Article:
It is understandable that Cheney would be upset over Moscow’s success in securing crucial hydrocarbons and pipeline corridors via the free market while the US has languished in Iraq and Afghanistan with nothing to show for its efforts except one million dead Iraqis, 4 million refugees, and a legacy of disgrace. But, in truth, Cheney’s frustration can be summarized in two words: Sour grapes. He’s just a poor loser.
The Medvedev Doctrine
US foreign policy elites have long dreamed of integrating Central Asia into the western economic and security paradigm. Geopolitical strategist and former national security advisor, Zbigniew Brzezinski, summarized it like this in an article in Foreign Affairs more than a decade ago:
“Eurasia is the world’s axial supercontinent. A power that dominated Eurasia would exercise decisive influence over two of the world’s three most economically productive regions, Western Europe and East Asia. A glance at the map also suggests that a country dominant in Eurasia would almost automatically control the Middle East and Africa . . . What happens with the distribution of power on the Eurasian landmass will be of decisive importance to America’s global primacy and historical legacy.”
A resurgent Russia–flush with the wealth derived from its vast oil and natural gas supplies–has become a stumbling block for US regional aspirations. Last month’s clash with Washington’s “proxy” army in Georgia dispelled any illusion among Kremlin powerbrokers that the Bush administration can be dealt with rationally or via normal diplomatic channels. Cheney’s incendiary rhetoric just further underscores this point. That’s why Russia is preparing for the worst. Medvedev is strengthening ties with the EU, the Central Asian countries (SCO), the BRIC countries (Brazil, India, China) and has also deployed the Russian fleet to the Mediterranean and off the coast of Venezuela for joint-maneuvers.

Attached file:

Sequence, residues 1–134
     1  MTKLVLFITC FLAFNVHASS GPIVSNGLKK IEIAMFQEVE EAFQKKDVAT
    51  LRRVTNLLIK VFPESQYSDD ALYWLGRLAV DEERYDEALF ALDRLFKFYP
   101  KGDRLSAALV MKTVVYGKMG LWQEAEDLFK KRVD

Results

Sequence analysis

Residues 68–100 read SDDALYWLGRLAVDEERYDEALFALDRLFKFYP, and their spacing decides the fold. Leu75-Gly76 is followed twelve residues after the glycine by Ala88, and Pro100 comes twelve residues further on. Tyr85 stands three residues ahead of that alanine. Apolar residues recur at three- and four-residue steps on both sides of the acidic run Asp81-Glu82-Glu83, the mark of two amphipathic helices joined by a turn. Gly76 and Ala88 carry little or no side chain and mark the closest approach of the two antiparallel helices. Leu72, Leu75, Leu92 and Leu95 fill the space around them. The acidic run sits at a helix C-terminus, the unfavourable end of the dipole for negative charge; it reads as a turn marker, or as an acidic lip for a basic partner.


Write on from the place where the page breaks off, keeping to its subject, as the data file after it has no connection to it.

In a recent press conference, President Medvedev announced the five fundamental principles to which his government would strictly adhere. Third on the list was “the protection of life and dignity of Russian citizens no matter where they live”.
“There isn’t a single country in the world that would tolerate its citizens and peacekeepers being killed,” Medvedev said.
Russian citizens and peacekeepers were killed by a proxy army that was trained and advised by “US special forces commandos”. So far, no one has been held accountable, but Medvedev and Putin know who is to blame. Putin even suggested that the invasion was planned as a way to improve the chances of one of the presidential candidates to win the election.(McCain) Regardless of the reason, when one country demonstrates that it is willing to kill the citizens and soldiers of another country to achieve its geopolitical objectives; that’s when friendship ends and attitudes harden.
The events in South Ossetia will play a central role in shaping Russian foreign policy for years to come. The battle-lines have been drawn, the fleet has been deployed, and the armies are being moved into place. Russia does not want war, but it will be ready if one breaks out.
MIKE WHITNEY lives in Washington state and can be reached at email@example.com